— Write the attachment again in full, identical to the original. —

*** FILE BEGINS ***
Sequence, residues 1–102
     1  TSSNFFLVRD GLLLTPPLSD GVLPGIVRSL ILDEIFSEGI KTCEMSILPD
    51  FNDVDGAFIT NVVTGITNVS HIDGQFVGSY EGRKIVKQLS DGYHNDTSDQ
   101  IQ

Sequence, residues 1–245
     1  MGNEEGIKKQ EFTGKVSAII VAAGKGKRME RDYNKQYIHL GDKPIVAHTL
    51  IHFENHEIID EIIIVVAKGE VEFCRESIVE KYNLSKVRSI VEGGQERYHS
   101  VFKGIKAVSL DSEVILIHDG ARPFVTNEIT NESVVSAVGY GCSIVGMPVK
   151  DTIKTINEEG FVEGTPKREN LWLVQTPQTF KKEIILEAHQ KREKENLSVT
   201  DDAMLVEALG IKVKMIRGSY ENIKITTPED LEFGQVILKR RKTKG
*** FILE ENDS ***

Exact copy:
Sequence, residues 1–102
     1  TSSNFFLVRD GLLLTPPLSD GVLPGIVRSL ILDEIFSEGI KTCEMSILPD
    51  FNDVDGAFIT NVVTGITNVS HIDGQFVGSY EGRKIVKQLS DGYHNDTSDQ
   101  IQ

Sequence, residues 1–245
     1  MGNEEGIKKQ EFTGKVSAII VAAGKGKRME RDYNKQYIHL GDKPIVAHTL
    51  IHFENHEIID EIIIVVAKGE VEFCRESIVE KYNLSKVRSI VEGGQERYHS
   101  VFKGIKAVSL DSEVILIHDG ARPFVTNEIT NESVVSAVGY GCSIVGMPVK
   151  DTIKTINEEG FVEGTPKREN LWLVQTPQTF KKEIILEAHQ KREKENLSVT
   201  DDAMLVEALG IKVKMIRGSY ENIKITTPED LEFGQVILKR RKTKG